Extremism

Amid attacks on Kashmiris, saner voices from mainland India call for ‘sanity to prevail’

Just as the news of 49 CRPF men killed in the deadliest attack in Pulwama reached mainland India, the entire country collectively burnt in rage. In no time, the wave of nationalist sentiments dominated social media with a large section of society seeking “badla (revenge)” from Pakistan. Soon, internet memes got replaced with graphical-content like: “We want Surgical Strike 2.0!

A day past the incident, as Kashmir woke up to a usual winter morning, Jammu witnessed an unusual start to the day: taking the shape of violence and anger, leading to a curfew.

It is unusual, because it’s the valley that is habituated to shutdowns and violence; while Jammu has majorly remained unaffected, regardless of the daily happenings related to conflict in Kashmir.

But this time it was different – the Hindu-dominated region with pro-India sentiments was agitated. Reports of attacks on Kashmiris in the area, amidst chants like “Bharat maata ki jai” and “Kashmiriyo wapas jaao” surfaced on social media.

Not just Jammu, Kashmiris also ended up becoming soft-targets in places like Delhi, Bihar and Dehradun.

The fear was evident in their voices. For instance, some 15 Kashmiri female students who on Saturday locked themselves in a hostel in Dehradun, fearing the mob demanding the girls to be “thrown out”, were terrified and pleaded to be rescued.

A trader from Kupwara, who has a shawl business in Jammu, alleged the residents called him by names like “terrorist, stone-pelter, and what not“.

In fact, the situation back in mainland India has been so “sentiment-driven”, that a colleague of mine, Imtiyaaz, indulged in a heated debate with his journalist-friend in Bangalore, who works for an international media organisation.

While she justified the people’s outrage by blaming the national media “for shaping the wrong narrative”, as per my friend, “that did not make any sense”.

“I argued that extremism can in no terms be justified and that the individual has to have the sanity to not be so-driven by the anti sentiments. The outrage has been scary and life-threatening, and that, in no way could be justified,” Imtiyaaz says.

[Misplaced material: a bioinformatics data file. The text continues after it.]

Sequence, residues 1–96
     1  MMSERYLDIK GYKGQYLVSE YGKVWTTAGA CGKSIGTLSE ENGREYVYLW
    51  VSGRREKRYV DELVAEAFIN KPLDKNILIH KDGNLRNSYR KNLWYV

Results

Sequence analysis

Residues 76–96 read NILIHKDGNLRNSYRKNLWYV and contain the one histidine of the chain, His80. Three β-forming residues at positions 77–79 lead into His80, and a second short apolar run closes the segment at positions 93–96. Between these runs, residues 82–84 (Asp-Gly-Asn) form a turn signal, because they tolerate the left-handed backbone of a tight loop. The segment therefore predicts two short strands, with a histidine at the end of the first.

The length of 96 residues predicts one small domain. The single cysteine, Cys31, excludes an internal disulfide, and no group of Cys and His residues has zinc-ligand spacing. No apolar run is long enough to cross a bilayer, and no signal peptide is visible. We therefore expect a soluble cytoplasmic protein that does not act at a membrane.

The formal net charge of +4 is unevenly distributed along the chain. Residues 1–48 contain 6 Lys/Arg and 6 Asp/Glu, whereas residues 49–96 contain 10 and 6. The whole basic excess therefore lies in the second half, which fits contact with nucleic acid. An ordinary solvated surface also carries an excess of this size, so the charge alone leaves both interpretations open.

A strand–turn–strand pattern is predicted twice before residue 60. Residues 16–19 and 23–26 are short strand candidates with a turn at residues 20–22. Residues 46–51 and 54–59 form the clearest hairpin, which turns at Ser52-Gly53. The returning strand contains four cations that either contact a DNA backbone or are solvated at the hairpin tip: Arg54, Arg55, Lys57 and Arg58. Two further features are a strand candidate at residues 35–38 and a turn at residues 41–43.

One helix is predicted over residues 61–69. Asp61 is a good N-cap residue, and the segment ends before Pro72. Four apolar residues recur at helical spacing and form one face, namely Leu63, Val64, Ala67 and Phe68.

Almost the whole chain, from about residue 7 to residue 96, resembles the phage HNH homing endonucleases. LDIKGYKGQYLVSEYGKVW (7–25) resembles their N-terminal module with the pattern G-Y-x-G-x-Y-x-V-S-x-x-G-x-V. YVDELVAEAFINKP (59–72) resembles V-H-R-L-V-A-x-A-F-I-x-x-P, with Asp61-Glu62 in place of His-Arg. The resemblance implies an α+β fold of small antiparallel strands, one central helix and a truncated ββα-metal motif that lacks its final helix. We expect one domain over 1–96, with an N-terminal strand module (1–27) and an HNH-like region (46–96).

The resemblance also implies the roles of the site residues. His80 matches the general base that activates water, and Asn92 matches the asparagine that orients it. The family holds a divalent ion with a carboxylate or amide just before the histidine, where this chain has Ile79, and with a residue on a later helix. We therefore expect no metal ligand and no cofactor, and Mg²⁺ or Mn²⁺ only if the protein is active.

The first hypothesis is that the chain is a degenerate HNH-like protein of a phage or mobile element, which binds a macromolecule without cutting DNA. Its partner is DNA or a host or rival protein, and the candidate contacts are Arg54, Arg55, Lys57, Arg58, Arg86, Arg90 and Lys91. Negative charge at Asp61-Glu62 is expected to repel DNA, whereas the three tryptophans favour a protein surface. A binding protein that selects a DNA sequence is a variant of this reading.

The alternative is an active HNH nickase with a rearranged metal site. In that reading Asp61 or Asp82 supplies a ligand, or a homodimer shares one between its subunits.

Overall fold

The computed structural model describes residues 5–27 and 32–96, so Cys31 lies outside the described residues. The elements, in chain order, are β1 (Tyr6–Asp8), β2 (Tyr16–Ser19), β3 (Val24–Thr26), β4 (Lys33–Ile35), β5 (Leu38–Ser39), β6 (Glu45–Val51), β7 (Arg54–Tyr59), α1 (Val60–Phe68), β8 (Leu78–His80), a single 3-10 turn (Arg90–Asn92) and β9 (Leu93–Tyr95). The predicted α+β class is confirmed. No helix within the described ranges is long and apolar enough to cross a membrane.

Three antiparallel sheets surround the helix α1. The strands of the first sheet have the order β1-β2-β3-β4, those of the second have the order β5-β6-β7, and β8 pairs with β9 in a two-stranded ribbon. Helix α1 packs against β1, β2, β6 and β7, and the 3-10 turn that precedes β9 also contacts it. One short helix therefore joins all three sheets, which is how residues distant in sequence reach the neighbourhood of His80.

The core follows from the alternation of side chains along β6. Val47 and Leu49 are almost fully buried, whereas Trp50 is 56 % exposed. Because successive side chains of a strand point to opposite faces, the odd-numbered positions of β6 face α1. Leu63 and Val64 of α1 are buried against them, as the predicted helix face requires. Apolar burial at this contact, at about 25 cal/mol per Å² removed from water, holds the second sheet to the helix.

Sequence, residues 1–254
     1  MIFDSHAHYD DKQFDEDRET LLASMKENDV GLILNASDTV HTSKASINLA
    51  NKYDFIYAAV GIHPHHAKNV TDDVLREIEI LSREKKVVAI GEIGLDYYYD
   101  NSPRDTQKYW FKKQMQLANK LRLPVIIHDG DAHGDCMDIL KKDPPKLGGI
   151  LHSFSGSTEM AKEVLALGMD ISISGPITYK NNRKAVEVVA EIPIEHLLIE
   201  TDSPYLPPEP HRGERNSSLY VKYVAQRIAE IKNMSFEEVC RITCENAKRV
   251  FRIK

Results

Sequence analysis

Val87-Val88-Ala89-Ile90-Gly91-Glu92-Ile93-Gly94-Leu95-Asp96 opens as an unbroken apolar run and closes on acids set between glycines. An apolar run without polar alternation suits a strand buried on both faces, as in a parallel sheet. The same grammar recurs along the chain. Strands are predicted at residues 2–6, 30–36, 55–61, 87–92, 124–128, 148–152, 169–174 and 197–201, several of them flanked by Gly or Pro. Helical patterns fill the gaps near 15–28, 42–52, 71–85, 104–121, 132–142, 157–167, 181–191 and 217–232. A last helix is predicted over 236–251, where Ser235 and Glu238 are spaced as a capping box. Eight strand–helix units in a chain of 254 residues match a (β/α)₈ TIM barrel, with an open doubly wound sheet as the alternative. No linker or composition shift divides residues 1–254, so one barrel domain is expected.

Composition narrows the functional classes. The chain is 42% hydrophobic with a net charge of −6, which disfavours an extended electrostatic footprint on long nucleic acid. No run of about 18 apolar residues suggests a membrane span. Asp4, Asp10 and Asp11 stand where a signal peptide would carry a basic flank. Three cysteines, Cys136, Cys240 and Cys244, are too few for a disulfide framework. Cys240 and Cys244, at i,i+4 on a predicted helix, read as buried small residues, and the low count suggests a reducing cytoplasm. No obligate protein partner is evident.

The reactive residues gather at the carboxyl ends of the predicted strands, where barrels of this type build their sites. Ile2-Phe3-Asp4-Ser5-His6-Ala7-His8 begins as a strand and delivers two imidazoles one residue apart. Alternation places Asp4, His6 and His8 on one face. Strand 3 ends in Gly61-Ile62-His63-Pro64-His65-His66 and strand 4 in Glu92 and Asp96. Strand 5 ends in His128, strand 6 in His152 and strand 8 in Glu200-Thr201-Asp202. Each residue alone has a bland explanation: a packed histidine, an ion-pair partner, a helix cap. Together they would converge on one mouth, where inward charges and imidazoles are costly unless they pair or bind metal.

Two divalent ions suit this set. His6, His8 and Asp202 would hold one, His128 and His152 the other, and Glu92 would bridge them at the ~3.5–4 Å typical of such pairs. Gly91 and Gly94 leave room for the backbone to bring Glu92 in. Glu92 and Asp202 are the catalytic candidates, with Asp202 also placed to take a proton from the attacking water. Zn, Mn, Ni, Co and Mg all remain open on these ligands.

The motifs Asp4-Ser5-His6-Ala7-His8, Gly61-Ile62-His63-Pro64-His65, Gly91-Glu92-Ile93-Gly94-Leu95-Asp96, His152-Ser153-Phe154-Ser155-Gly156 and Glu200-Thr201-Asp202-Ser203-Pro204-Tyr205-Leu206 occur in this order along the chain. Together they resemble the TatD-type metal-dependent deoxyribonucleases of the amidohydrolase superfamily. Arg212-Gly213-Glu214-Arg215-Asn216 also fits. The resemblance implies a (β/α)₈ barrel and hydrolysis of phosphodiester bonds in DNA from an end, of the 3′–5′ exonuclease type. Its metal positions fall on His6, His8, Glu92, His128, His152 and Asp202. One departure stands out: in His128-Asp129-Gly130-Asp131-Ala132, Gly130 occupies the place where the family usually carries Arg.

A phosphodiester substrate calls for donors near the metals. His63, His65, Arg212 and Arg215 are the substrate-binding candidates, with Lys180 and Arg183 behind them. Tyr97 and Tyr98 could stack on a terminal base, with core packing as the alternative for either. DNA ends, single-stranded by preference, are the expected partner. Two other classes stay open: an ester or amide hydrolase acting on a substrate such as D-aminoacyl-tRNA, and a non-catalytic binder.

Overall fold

He believes the support from the “sane individuals” like Rajdeep Sardesai, Mahrukh Inayat and Kavita Krishnan should be highlighted by the media, and that, he says, should serve as an example to the “hate-mongers”.

When yesterday a group of mob attacked the traders from an exclusive ‘Kashmiri Mela’ in Patna, it was Kavita who spread the word and came out in support of the businessmen.

She wrote: “…MLA Mahboob Alam will lead a team to the area asap, we’re also contacting the DGP etc to demand protection for Kashmiris, action against mobs, hate-mongers.”


While Rajdeep Sardesai, in support of the targeted students, wrote: “Want to tell any Kashmiri student out there, if you are being targeted in any manner, feel free to call/DM me. My home and heart is open to you as are that of thousands of right thinking Indians. Let’s fight forces of violence together: you don’t have to bear the cross of terror.”


Sardesai hasn’t been the only one who has opened his doors for Kashmiris. Jignesh Mevani, an independent MLA from Gujarat also wrote on Twitter: “Any Kashmiri in Gujarat requiring assistance, please reach out to me via Twitter DM. It is deplorable to see targetted harassment of Kashmiris in various parts of India. In this tragic moment, we have to stand together and not divided.”


While another journalist Mahrukh Inayet believes “for every hate monger there are ten who will come to help”.

“…Let sanity prevail,” she tweeted.

Senior Journalist Sankarshan Thakur said that hounding of Kashmiris is what the perpetrators of Pulwama attack want.


Another senior scribe Pankaj Pachauri pointed out that people of Chattisgarh are not punished when Maoists attack forces. Why are Kashmiris being targeted.

Seconding the saner voices, Barkha Dutt said that those attacking Kashmiris are ‘anti-nationals’.

 

Like this story? Producing quality journalism costs. Make a Donation & help keep our work going.


Click to comment

Leave a Reply

Your e-mail address will not be published. Required fields are marked *

To Top